'Nervous' Nadal Feared Worst at French Open
Rafael Nadal admitted he feared he might never break John Isner's huge serve, after coming through a thrilling five-set match against the American to reach the French Open second round.
The defending champion and top seed, bidding for a record-equalling sixth Roland Garros crown, was staring down the barrel of a shock elimination after allowing Isner to establish a 2-1 sets lead.
Nadal re-asserted control of proceedings in the fourth set, however, before completing a 6-4, 6-7 (2/7), 6-7 (2/7), 6-2, 6-4 victory that sets him up for a second-round meeting with countryman Pablo Andujar.
"I was close to going out. That's the thing," conceded Nadal.
"I didn't have a way to find a break. I had 15-40 at 6-5 in the second set but he was still serving fantastic and he produced two big serves.
"They were tough moments for me, but I only had one break point against me during the whole match.
"I didn't play the tie-breaks well. I played too nervous, in my opinion. But for the rest of the match, it was 6-2, 6-4, and I was in control of everything, without playing fantastic."
Having never previously lost a set in a first-round match at Roland Garros, Nadal said he embarked upon the fourth set with real fear that it might be his last at this year's tournament.
"The turning point was the first break in the fourth set," he said.
"It was very important for me. I was really, really under pressure. I know I have six games to get a break, because if it goes to a tie-break in the fourth, I know I am in big danger."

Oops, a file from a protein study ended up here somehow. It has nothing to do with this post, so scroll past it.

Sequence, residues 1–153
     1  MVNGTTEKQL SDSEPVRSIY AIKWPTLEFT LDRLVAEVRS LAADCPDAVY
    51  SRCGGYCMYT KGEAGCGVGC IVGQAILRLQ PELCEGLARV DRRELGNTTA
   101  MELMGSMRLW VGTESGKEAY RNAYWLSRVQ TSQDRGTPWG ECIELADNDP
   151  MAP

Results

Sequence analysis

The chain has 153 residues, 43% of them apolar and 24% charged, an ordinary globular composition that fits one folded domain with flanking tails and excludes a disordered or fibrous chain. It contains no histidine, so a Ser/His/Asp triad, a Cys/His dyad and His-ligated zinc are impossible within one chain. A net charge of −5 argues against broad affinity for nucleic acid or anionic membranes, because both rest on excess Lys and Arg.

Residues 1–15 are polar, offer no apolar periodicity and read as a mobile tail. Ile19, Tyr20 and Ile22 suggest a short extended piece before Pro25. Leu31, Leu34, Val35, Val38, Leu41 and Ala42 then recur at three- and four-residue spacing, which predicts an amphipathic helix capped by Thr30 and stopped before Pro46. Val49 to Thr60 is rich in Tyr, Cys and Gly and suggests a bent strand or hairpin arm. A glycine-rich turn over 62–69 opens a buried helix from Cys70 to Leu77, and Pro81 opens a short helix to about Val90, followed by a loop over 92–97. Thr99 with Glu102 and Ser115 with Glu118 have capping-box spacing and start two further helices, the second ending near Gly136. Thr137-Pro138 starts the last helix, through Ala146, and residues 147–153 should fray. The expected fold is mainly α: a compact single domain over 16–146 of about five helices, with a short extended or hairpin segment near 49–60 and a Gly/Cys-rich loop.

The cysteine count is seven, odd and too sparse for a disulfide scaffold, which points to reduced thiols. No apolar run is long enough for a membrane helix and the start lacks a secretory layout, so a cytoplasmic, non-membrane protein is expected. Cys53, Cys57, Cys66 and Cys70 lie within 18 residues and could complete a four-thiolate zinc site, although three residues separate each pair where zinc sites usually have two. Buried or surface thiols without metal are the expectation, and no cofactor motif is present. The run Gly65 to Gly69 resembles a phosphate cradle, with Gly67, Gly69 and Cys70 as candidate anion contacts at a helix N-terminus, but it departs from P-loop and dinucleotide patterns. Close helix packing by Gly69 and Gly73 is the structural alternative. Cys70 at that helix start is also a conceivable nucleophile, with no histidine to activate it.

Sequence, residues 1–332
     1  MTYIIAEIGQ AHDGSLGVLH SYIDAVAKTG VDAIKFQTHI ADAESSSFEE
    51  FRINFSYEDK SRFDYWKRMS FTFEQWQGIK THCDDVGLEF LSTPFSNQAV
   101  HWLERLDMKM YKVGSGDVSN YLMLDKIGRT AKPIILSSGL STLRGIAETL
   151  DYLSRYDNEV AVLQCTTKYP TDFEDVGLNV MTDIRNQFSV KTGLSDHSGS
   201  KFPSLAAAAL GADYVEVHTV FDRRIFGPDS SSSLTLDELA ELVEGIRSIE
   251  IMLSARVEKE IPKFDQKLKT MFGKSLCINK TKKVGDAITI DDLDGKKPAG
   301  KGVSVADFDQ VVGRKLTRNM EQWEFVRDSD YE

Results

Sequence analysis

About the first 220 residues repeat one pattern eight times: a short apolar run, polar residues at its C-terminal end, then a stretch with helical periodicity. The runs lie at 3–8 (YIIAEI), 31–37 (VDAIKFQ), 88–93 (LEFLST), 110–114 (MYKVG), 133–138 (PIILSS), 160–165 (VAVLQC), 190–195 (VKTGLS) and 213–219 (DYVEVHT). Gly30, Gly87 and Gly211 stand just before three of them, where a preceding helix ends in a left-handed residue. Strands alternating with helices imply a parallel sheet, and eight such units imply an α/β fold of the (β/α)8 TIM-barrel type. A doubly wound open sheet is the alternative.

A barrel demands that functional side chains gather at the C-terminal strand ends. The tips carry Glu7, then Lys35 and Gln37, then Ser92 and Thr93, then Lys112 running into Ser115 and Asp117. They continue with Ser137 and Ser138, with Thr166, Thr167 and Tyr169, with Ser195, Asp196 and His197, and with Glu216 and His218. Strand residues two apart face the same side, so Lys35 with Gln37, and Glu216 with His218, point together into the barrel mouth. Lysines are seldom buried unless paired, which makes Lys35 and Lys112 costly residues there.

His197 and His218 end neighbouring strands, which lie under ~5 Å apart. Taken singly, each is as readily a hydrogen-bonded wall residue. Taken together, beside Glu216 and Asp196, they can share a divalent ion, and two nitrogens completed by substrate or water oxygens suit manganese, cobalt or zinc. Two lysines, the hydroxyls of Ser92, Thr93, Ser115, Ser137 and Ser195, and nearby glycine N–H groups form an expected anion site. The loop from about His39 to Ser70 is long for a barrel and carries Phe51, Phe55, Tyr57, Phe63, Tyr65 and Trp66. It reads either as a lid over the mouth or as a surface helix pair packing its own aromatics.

Isner memorably shaded France's Nicolas Mahut in a record-breaking five-setter at Wimbledon last year that lasted over 11 hours and finished 70-68 in the final set.
He did not appear to enjoy any physical advantages over Nadal in the latter stages of Tuesday's match, however, and the Spaniard said he had taken heart from his own record over five sets.
"I think I have a good record in five sets," said the nine-time Grand Slam-winner, who has lost just three times in 15 five-set matches.
"I got the break early in the fifth set. If it had been 4-4 or 5-5 without a break, it would have been very dangerous."
He added: "This is one of the times I was close to going out. But I have had other tough matches.
"Was I closer to losing (against Isner) than the other times? Maybe yes. But in my opinion, I had the match under control."
Isner conceded that his own tactics had been fairly rudimentary, and admitted that he simply could not compete when Nadal upped his game in the final two sets.
"Going in, my only shot today was to attack and try to get on the offensive as much as possible," said the 26-year-old, who is ranked 39 in the world.
"Luckily for me, I have a good serve, so I was able to win a fair amount of cheap points against him, which not many players can. So that helps.
"For me, specifically against him, (the objective was) just to get into the net, keep trying to keep the points shorter and just try and finish the point at the net, win or lose.
"There was a couple of instances where he passed me two or three times in a row, but I kept coming because I knew that was my only shot.
"As far as his weaknesses go, I don't know. He doesn't really have too many. He's lost one match here ever (to Robin Soderling in 2009), so it's hard to say if he has any weaknesses."